And if things were not already unbelievable enough, this Jesus who suffered a brutal death and was buried in a sealed tomb, this Jesus rose from the dead in new bodily form. This Jesus appeared to his disciples and many others before being taken into heaven. This Jesus triumphed over sin and death, and just as the trespass of Adam and Eve resulted in condemnation for all people, so also this one righteous act of Jesus resulted in justification and life for all people.
I often wonder why God did not skip right ahead to this critical redemption step, and far be it from me to know the mind of God, but I believe these rank up upon some of the reasons for the Israel project: first, that no attempt to save the world, no matter how divinely inspired, will succeed without cultivating the grassroots network beforehand; second, that God wanted to give us a story to live into instead of rules to live by; and third, the Israel project, moreso than the rather nomadic ministry of Jesus and the disciples, was able to highlight that redemption is not just about restoring our relationship with God and relationships with each other and our relationship with ourselves, but God’s mission is also about restoring our relationship to the land that is God’s creation.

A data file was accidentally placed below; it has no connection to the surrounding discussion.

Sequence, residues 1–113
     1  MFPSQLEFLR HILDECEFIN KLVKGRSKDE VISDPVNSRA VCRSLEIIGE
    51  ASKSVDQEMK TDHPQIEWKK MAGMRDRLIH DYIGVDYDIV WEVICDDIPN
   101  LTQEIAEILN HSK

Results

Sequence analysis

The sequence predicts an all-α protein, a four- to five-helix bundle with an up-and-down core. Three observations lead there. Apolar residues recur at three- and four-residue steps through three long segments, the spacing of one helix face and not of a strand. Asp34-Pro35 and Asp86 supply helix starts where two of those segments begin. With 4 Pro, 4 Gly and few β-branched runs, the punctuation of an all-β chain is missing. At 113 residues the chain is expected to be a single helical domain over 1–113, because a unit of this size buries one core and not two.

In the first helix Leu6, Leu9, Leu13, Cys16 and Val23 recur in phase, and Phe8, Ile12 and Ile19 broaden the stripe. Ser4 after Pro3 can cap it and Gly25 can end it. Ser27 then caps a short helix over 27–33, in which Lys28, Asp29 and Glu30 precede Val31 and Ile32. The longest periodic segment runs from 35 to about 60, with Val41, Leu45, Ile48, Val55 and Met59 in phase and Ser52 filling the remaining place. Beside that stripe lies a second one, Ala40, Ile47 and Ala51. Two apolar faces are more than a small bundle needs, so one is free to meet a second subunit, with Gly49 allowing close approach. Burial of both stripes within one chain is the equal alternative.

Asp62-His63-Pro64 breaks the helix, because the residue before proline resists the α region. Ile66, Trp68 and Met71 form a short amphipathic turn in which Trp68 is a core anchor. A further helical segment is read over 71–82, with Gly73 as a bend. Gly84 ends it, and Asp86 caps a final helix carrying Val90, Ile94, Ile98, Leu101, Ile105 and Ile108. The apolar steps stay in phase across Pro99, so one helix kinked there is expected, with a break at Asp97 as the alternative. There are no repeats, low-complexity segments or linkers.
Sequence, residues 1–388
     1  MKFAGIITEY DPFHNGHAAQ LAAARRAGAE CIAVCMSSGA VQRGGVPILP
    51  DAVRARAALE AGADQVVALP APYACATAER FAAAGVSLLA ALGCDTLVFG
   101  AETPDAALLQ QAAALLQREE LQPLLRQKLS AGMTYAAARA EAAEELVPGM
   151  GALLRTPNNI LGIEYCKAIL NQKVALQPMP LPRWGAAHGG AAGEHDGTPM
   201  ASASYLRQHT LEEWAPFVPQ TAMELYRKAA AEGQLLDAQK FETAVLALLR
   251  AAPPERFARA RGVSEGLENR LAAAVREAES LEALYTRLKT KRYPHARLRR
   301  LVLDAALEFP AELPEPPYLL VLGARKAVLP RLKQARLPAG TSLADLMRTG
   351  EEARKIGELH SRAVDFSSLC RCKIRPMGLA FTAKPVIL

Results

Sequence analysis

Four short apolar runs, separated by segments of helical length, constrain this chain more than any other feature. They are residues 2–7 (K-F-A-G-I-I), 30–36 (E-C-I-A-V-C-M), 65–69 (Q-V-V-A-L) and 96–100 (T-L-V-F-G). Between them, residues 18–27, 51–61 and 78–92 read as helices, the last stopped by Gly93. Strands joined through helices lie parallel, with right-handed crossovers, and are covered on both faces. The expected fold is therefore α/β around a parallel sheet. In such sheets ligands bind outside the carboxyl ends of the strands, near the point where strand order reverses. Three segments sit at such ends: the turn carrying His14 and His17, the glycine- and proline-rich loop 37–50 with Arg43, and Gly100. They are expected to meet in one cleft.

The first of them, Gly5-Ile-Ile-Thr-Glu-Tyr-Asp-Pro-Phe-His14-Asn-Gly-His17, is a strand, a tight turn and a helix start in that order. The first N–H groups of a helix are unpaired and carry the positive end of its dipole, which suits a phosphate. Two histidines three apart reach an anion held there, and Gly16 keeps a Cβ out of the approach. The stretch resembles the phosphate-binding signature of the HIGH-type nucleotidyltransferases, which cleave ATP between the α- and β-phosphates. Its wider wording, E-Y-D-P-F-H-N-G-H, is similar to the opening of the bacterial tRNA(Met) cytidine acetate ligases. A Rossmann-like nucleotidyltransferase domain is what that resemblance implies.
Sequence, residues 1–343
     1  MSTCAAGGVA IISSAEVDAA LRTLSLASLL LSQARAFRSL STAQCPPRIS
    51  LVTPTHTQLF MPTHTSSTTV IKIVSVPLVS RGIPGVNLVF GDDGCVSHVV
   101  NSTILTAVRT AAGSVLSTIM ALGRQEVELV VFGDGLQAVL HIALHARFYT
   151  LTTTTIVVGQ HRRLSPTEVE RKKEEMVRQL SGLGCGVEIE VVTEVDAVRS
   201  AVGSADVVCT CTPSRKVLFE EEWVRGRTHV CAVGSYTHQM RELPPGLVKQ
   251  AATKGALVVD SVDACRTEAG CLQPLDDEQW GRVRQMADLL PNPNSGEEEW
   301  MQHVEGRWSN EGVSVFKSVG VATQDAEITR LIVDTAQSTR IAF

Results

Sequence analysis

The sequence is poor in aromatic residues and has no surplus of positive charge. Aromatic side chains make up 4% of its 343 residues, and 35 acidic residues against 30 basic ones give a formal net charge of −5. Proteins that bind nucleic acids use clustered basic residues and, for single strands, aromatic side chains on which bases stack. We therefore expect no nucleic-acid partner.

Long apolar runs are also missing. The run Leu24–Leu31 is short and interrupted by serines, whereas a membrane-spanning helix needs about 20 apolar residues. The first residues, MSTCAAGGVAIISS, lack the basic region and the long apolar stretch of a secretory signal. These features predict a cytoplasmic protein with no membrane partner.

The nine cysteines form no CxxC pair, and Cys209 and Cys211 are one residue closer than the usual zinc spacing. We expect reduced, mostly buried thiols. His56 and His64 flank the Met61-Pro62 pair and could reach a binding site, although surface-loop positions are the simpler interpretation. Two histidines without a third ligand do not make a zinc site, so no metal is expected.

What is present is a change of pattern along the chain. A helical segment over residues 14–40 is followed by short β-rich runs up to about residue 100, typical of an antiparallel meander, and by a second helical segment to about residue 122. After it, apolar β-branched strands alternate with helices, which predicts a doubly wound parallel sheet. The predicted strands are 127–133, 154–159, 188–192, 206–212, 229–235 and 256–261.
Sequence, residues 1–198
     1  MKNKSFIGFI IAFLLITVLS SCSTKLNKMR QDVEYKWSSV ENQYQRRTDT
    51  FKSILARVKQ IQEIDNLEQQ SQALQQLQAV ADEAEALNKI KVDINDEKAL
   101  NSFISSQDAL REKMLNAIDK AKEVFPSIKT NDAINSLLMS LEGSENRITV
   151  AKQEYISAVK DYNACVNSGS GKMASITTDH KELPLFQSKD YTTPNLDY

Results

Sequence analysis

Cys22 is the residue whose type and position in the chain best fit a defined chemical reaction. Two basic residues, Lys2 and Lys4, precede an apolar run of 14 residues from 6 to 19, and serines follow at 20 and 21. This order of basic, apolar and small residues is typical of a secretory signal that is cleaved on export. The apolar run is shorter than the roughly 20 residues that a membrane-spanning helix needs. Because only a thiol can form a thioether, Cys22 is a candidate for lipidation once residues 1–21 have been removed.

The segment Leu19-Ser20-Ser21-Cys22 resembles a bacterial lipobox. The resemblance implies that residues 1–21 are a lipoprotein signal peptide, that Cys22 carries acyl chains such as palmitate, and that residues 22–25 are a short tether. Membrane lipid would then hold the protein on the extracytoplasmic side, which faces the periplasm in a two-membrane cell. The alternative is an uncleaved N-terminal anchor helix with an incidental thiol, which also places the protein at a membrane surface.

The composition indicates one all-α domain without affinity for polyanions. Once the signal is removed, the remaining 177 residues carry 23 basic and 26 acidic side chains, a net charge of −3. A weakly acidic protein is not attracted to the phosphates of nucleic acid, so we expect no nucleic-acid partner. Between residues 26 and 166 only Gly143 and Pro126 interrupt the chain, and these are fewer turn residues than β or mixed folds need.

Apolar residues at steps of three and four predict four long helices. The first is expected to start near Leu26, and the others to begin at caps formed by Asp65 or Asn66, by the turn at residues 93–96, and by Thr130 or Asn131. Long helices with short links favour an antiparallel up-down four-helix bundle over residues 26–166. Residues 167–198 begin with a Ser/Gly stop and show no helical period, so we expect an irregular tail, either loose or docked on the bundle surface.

But that is a question for another time. Because we now live in the next chapter of this great story, a story that begins with the book of Acts and continues up until the present day. It is the story of the church, God’s people across all tribes and tongues and nations and generations, a story filled with its own wild cast of characters that somehow have come together in worship and mission. We, the church, are a bride busying herself in eager anticipation for her groom to return. And what a glorious day that will be.
This story is the story of the gospel, the evangel which we live in and proclaim and invite others to live in and proclaim as well.
Do we believe this great story?
And how does the story of global warming fit into the great story of the gospel?
Tomorrow, Part 3: The Gospel > Global Warming.